This article is more than 1 year old
'Catastrophic' Avira antivirus update bricks Windows PCs
rundll32.exe? cmd.exe? You clearly don't need those
Security software biz Avira has apologised after its antivirus suites went haywire and disabled customers' Windows machines.
A service pack issued in Monday caused its ProActiv monitoring software to think vital operating system processes were riddled with malware and blocked them from running.
Users of the affected products - Avira Professional Security, Avira Internet Security 2012 and Avira Antivirus Premium 2012 - were left with malfunctioning or inoperable systems after they applied the dodgy update. A fix has since been issued.
Components reportedly blocked included iexplore.exe, notepad.exe and regedit.exe, plus applications including Microsoft Office and Google Updater were also sin-binned.
Unsurprisingly Avira's support forums quickly filled up with posts by frustrated punters. "This update has been pretty catastrophic," one small business user complained. "The whole company ground to a standstill."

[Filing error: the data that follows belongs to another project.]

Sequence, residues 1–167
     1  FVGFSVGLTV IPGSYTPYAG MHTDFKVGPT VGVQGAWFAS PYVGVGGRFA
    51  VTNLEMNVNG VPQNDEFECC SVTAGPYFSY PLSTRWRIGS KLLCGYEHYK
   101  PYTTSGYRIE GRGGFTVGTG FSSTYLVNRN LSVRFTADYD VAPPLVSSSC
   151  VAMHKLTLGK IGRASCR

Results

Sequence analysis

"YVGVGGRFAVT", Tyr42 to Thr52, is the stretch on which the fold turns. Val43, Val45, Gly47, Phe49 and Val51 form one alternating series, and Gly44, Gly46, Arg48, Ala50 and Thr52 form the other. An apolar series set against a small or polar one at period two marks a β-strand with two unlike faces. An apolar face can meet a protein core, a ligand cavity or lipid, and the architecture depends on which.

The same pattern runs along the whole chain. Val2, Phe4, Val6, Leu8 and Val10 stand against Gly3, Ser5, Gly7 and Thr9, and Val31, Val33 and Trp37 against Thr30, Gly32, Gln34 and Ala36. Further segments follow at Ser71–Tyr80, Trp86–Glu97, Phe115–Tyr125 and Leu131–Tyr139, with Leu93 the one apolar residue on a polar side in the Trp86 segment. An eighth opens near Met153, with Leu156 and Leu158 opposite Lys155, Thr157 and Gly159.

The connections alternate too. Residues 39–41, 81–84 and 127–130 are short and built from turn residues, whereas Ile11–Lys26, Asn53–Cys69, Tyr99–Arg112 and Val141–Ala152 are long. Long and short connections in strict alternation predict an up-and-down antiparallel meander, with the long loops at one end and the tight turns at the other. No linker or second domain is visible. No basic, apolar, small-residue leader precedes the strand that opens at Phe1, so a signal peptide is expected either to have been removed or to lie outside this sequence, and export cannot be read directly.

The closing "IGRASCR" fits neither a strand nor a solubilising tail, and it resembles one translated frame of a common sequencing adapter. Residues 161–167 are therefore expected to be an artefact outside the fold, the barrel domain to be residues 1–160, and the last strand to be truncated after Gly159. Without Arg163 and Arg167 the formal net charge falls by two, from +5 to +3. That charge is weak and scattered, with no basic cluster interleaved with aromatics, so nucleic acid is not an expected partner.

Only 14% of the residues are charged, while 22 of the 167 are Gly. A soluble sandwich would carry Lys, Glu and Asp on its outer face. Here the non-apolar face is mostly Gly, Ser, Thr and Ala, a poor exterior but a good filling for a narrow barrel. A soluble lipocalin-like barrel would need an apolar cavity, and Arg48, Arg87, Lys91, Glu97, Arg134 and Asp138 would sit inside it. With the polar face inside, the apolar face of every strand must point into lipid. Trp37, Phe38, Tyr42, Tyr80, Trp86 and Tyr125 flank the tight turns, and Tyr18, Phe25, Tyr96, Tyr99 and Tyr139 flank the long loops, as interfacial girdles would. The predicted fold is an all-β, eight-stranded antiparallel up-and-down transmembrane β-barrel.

Avira responded by withdrawing the malfunctioning update, Service Pack 0 (SP0) for Avira Version 2012, and issuing a replacement upgrade. In an advisory, Avira said it "deeply regrets" the inconvenience customers have experienced as the result of the snafu. It goes on to explain how users can disable its ProActiv behavioural monitoring technology in case it goes nuts again.
From time to time antivirus signatures, used to identify malware inside files, cause headaches for vendors when they report false positive matches. Things get really messy in cases where core Windows components, rather than just third-party apps, are wrongly labelled as potentially malign. Screwing up a signature pack is one thing, but Avira's mixup involves a major software update, raising questions over why the blunder was not caught during pre-release testing.
Avira is best known as a supplier of freebie Windows antivirus scanners to consumers in competition with the likes of AVG and Avast. The German firm uses its presence in this market to help it sell paid-for products to consumers and small businesses. ®